Sylvie would have felt Jerome’s panic ricochet around the car as they turned off 418 onto the back road over Seventh Mountain. This route, she thought, would come out near Zaltz Road and take them nearly home. But the Seventh Mountain Road would have turned to dirt and gotten narrower.
      While Jerome navigated ruts, they would have weighed their options: should they turn around? But suddenly, the road would dead-end at a grassy clearing, and there, they would have seen a herd of deer, grazing in the early twilight.
      Jerome would have turned the engine off, and Sylvie would have covered Lily’s mouth to stop her barking. The small herd would have stayed there, eating, oblivious that they were being watched, or else not caring. Two weeks from now, deer hunting season would begin, but these animals didn’t seem to know it. The deer were caught, and probably doomed, yet they remained serene, safe and protected in their unknowing. Jerome’s chest would have pulled tight, tears would have welled up in his eyes. If only he could be like the deer… if he could have stayed like that, suspended—
      Back home, Sylvie would have made tea in the corn pot. They would have lain in bed with Lily’s tiny body in between them, kissed each other over her gray muzzle, until Jerome finally picked the dog up and put her down—
      Sylvie has already been living in LA for several years when she finds the picture Jerome took the day that she got pregnant at the Pennsylvania reservoir. She finds it in a carton full of files and papers that they’d boxed a million years ago, before the first round of yearlong tenants moved into their Thurman house, the place they’d never managed to shape up into a home. All my dreams, a poet wrote, the bluest smoke.
      The photo is a strange artifact: a souvenir of possibilities that never came to be. Sylvie is no longer remotely like the woman in the picture. But you can tell by looking at the photo how much, then, she wanted to get pregnant. Desire pulsing underneath a mask of deep repose. When she finds the box, Jerome and all that she imagined for them has been lost to her for a long time. Take me anywhere, but take me now—it is a picture of complete abandonment.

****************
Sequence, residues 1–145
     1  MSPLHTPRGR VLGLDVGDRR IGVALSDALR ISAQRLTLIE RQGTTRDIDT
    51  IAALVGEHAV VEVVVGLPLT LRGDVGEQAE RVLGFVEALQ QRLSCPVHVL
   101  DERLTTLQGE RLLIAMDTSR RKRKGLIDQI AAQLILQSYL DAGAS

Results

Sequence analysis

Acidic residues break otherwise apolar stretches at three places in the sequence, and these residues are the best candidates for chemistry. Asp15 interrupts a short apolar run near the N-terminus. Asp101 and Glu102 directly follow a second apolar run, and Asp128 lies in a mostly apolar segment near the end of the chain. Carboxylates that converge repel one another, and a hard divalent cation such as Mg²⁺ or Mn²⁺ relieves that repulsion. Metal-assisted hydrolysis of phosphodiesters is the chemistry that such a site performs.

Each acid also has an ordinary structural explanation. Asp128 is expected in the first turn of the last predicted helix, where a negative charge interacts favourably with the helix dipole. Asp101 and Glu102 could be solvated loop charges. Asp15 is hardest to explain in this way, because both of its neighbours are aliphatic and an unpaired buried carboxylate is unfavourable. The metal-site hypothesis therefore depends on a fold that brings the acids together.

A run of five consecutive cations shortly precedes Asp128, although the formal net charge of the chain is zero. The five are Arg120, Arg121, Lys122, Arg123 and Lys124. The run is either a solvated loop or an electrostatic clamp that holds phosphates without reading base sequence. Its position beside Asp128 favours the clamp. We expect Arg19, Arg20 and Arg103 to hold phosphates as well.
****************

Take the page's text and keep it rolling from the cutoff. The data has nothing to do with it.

The woman in the picture is inescapably immersed in an expectant emptiness … the same emptiness that Sylvie likes to simulate by having recreational sex in Los Angeles. Safe in Highland Park, cheerfully pursuing a career in an art world that no longer matters much to her or anyone, she sees a link between her present life and the photo. Sylvie understands that her anonymous and finite, ‘discrete’ sexual encounters are to true romance what the blank and open LA landscape is to the old European grid of history, warfare and causality. There are no ancient tribal feuds, no wounds, no blood.
      It is less absolute, perhaps. But better.

Chris Kraus is the author of the novels Torpor, Aliens & Anorexia, and a collection of essays about the Los Angeles art world, Video Green: Los Angeles Art and the Triumph of Nothingness. She has written on art, poetics, and theory for academic anthologies and art magazines. Kraus is the founding editor of Semiotext(e)’s Native Agents imprint.